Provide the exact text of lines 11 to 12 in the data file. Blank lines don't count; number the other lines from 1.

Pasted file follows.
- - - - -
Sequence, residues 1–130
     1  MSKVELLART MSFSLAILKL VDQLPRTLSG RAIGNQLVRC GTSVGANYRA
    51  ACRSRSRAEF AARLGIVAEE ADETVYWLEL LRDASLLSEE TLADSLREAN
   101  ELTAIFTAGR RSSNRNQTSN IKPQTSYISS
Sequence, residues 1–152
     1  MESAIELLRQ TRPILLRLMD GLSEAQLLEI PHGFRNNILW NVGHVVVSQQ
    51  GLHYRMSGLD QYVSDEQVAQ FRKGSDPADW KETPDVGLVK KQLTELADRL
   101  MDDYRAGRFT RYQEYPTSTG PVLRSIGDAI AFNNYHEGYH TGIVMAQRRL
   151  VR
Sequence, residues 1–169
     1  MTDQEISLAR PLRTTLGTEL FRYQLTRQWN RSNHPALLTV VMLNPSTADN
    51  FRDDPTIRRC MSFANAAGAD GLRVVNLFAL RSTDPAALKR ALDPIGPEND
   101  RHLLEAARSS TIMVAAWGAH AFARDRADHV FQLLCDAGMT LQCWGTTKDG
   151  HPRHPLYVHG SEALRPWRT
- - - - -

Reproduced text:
     1  MTDQEISLAR PLRTTLGTEL FRYQLTRQWN RSNHPALLTV VMLNPSTADN
    51  FRDDPTIRRC MSFANAAGAD GLRVVNLFAL RSTDPAALKR ALDPIGPEND